Since President Monroe's re-nomination was never in doubt, few Republicans bothered to attend the nominating caucus in April 1820. Only 40 delegates attended, with few or no delegates from the large states of Virginia, Pennsylvania, North Carolina, Massachusetts, and New Jersey. Rather than name the president with only a handful of votes, the caucus declined to make a formal nomination. Richard M. Johnson offered the following resolution: "It is inexpedient, at this time, to proceed to the nomination of persons for the offices of President and Vice President of the United States." After debate, the resolution was unanimously adopted, and the meeting adjourned. President Monroe and Vice President Daniel D. Tompkins thus became de facto candidates for re-election.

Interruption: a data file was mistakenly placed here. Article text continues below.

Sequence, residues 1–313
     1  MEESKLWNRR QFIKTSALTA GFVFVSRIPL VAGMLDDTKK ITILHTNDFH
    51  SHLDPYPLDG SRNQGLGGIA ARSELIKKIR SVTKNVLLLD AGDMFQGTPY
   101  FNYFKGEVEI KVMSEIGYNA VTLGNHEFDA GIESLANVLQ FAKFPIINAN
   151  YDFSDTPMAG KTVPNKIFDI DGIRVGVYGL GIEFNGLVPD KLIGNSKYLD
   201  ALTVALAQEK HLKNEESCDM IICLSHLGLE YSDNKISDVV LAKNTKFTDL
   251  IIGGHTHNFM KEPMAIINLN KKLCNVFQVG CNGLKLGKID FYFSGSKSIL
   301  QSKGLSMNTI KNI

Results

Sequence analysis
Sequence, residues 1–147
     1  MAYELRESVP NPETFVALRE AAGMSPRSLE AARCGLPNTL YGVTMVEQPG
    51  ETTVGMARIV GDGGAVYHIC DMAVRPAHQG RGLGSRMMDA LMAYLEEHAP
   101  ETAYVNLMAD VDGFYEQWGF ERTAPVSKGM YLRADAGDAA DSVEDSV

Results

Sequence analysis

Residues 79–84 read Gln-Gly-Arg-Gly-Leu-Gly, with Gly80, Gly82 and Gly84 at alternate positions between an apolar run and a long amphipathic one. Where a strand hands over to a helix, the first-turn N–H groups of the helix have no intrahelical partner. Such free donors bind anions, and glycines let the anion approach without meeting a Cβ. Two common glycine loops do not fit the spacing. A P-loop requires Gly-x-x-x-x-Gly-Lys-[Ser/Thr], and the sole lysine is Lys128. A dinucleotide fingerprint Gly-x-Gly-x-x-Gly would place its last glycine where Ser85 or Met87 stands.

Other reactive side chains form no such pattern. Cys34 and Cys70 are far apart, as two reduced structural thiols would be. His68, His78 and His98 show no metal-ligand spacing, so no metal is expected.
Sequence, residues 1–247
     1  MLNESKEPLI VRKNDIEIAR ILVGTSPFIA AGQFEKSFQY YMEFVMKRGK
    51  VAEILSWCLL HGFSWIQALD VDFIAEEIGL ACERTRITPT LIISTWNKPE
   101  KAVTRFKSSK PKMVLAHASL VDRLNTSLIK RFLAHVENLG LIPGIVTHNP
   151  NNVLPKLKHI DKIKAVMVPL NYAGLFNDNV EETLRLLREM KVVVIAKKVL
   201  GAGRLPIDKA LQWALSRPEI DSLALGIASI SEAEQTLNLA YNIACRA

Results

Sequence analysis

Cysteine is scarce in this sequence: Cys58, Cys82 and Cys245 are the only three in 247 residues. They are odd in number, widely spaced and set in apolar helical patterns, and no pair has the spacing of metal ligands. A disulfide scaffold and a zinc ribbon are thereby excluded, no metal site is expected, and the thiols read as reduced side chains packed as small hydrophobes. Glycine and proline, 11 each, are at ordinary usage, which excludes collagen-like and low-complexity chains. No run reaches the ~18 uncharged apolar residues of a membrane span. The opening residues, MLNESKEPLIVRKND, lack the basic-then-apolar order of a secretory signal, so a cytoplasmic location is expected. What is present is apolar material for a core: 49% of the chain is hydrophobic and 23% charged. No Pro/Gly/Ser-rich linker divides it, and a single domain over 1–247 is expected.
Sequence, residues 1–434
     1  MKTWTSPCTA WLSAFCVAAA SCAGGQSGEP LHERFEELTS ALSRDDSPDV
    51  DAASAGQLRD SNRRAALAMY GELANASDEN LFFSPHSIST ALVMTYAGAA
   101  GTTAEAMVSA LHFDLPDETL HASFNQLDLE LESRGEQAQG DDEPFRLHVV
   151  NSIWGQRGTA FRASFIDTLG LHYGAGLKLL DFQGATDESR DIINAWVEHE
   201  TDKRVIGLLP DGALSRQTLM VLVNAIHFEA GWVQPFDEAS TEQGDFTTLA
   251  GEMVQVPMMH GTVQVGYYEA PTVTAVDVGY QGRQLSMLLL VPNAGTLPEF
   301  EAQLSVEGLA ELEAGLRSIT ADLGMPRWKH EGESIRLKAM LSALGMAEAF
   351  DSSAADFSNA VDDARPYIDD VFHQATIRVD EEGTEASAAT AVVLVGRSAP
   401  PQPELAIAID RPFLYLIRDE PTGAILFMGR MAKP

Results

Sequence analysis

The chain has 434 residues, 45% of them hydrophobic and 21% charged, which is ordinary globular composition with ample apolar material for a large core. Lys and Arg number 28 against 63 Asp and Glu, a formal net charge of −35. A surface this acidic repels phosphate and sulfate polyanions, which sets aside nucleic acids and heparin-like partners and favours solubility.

In the run-up to the caucus, Tompkins made another run for his former post of Governor of New York, leading to potential replacements being informally discussed among the party leadership. The matter was ultimately rendered moot when Tompkins lost the election shortly before the nominating caucus took place, and though some within the party remained dissatisfied with Tompkins' performance as Vice President, the role was not considered important enough to be worth a formal nomination process after his ability to continue in the office was confirmed.
|Presidential Ballot||Vice Presidential Ballot|
|James Monroe||40||Daniel D. Tompkins||40|
Effectively there was no campaign, since there was no serious opposition to Monroe and Tompkins.